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An idyll examined

Frederick Wiseman's four-hour, 1999 documentary about Belfast, Maine
By CHRISTOPHER GRAY  |  January 27, 2010

1001_belfast_main
PACKED LIKE, WELL . . . Cannery workers in Belfast.

After 36 films and more than 40 years of filmmaking, Frederick Wiseman has probably come as close as any director to capturing this American life in all its breadth and nuance. Some of his best-known films — like 1997's Public Housing, about a development in Chicago — have inspired institutional reform. Others ostensibly do little more or less than observe a process. In advance of this weekend's Movies at the Museum showing of his latest film, La Danse: The Paris Opera Ballet, at the Portland Museum of Art, I acquainted myself with Wiseman's art with a viewing of his quiet, four-hour gaze at Belfast, Maine, which was released in 1999.

Wiseman's documentaries are, by design, devoid of narrative exposition. None of his subjects address the camera, nor does Wiseman pose questions to them or identify them with sub- or intertitles. Further, his films lack musical cues, and in Belfast, Maine, we never encounter the same character twice. My notes from one of my favorite scenes in the film read as follows: "a boat (Mack Point) — efficient cuts as boat moves offshore, ties onto freighter, and heads back to port — music of horns." Though nothing particularly startling or unusual happens in the film, its cumulative effects are profound.

As he does with all of his films, Wiseman shot Belfast, Maine in under six weeks with a small crew, and edited it during production. (These four hours were cut from 110 hours of film.) The film begins on a foggy harbor sunrise, as lobstermen head offshore to retrieve and rebait traps, before moving on to a montage of the town's downtown and large, white colonials, establishing a sense of both place and time. Halloween decorations and election placards indicate that it's October 1996. Later, there is debate in a convenience store about the hot-topic clearcutting initiative of the season, from the perspective of men who earn their keep from the lumber trade, and consider it second nature to do so responsibly.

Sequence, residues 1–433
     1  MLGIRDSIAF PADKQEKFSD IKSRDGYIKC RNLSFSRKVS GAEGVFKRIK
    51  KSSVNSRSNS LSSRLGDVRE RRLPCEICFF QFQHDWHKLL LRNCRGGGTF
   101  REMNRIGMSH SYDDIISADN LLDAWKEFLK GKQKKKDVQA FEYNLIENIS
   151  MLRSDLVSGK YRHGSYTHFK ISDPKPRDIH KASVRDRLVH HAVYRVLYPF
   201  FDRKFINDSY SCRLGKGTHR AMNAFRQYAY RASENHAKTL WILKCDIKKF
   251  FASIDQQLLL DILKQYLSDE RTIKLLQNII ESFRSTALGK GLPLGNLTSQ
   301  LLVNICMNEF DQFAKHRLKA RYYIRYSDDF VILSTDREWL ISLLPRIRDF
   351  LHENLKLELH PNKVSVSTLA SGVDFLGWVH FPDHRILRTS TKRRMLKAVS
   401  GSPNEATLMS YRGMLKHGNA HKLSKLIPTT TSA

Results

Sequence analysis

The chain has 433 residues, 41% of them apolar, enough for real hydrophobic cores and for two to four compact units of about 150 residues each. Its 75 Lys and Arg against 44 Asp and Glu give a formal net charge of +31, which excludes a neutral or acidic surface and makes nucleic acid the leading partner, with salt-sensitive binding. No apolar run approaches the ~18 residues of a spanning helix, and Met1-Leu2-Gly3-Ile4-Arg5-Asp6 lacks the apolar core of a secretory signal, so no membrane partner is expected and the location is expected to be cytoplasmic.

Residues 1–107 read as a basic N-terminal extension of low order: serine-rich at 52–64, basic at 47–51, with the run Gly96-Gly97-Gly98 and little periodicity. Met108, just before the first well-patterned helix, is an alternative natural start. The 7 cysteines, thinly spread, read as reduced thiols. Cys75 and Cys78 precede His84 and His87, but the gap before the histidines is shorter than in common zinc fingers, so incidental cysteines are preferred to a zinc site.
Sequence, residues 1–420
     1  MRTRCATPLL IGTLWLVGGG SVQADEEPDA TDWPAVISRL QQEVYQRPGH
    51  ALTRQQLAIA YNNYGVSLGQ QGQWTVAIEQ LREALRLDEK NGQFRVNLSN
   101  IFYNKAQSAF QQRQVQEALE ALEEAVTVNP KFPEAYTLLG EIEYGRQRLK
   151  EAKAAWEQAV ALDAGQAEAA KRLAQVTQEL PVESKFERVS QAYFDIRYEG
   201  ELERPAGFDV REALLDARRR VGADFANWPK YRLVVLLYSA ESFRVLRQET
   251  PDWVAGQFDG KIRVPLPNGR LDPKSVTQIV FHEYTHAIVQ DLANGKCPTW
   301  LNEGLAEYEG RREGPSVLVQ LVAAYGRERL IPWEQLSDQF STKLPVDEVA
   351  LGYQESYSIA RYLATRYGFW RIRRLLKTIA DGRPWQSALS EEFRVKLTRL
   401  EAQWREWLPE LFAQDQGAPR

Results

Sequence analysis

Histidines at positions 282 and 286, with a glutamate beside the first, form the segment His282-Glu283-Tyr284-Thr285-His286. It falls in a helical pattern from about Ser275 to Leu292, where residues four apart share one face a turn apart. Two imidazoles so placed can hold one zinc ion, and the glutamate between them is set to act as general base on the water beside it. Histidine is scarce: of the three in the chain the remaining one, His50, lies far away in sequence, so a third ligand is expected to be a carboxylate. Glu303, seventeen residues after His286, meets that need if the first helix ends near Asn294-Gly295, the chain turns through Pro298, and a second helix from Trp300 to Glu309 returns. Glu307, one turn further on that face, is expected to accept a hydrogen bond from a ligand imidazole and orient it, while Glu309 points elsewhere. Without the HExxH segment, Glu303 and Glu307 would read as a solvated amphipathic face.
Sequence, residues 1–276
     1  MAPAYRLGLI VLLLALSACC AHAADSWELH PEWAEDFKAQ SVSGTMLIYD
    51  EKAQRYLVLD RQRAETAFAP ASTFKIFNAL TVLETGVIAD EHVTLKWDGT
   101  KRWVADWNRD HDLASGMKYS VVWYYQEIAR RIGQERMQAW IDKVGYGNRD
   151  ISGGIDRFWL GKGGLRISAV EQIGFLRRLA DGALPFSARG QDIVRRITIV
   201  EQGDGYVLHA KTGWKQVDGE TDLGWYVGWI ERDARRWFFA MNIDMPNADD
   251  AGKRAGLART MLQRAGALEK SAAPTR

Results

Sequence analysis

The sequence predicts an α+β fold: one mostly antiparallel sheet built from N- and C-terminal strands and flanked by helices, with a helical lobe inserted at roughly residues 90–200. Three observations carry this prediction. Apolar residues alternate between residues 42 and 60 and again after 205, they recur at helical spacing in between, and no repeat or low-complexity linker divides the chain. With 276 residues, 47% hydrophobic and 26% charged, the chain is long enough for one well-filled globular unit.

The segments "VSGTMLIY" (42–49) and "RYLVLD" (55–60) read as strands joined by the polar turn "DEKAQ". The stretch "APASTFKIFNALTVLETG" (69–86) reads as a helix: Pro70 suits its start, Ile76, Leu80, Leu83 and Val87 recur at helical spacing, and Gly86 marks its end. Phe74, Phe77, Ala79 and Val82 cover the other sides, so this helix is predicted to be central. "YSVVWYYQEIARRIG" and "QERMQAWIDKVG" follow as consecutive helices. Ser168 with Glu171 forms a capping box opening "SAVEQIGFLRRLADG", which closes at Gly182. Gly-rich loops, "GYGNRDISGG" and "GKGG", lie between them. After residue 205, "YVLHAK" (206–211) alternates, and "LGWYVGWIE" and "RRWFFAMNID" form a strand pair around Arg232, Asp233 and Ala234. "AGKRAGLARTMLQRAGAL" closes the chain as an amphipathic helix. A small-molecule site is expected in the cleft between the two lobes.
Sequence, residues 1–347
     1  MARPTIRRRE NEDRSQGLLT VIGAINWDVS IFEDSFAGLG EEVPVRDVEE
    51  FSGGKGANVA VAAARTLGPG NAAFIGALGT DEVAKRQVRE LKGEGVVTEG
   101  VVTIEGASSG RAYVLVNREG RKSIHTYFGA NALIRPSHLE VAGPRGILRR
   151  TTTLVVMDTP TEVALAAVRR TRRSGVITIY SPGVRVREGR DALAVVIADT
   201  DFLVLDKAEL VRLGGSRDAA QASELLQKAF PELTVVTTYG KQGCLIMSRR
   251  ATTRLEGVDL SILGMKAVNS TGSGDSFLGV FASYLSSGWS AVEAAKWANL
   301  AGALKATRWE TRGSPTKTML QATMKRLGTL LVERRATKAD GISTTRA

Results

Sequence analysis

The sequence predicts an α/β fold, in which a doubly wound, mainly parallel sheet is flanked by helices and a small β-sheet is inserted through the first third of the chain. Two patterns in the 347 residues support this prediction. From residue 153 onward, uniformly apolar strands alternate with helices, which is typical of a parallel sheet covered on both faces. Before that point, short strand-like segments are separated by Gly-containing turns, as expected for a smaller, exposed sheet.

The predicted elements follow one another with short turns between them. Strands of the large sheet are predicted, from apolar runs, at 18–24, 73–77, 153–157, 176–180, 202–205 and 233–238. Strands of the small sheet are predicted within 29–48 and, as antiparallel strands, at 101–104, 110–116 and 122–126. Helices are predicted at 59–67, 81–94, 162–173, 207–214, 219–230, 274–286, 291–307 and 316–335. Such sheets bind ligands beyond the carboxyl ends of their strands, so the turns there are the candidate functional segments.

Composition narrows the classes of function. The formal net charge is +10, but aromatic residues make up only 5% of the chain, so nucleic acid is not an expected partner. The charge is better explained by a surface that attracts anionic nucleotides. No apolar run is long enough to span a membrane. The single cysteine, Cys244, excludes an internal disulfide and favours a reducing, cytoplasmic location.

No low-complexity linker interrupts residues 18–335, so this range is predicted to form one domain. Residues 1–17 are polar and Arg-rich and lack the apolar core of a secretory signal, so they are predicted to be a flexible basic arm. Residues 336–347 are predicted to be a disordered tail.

A surprising bulk of Belfast, Maine — and a key to where Wiseman's sympathies lie — consists of scenes of medical care, particularly doctors' home visits to elderly patients. Practically invisible members of the community, Wiseman is intent on noting that the infirm are crucial citizens in important ways: they illustrate the quality of medical care in Belfast, along with the lifelong habits of its residents. Sometime after a visit to a former five-packs-a-day smoker, Wiseman throws in a scene at a public meeting on medical care, where a speaker notes Maine's alarming rate of young smokers and rising obesity. Most of the film's longer scenes are focused on the daily struggles of lower-class residents, including its funniest stretch, at the local Maine District Court, where criminals (including one named Thomas Thomas) address charges both everyday (OUI, speeding) and only-in-Maine (the theft of a cord of wood, which the perpetrator would rather be fined for than return).

Wiseman's most hypnotic compositions, though, are set in the town's factories. Largely dialogue-free, these quick-cut montages show how anything from mashed potatoes to fudge to smoked salmon is chopped, produced, and packaged for market. The rhythm and noise of these machines makes a kind of double-edged music: to the uninitiated viewer, it's a magical process; to the worker, it's the mundane din of the everyday.

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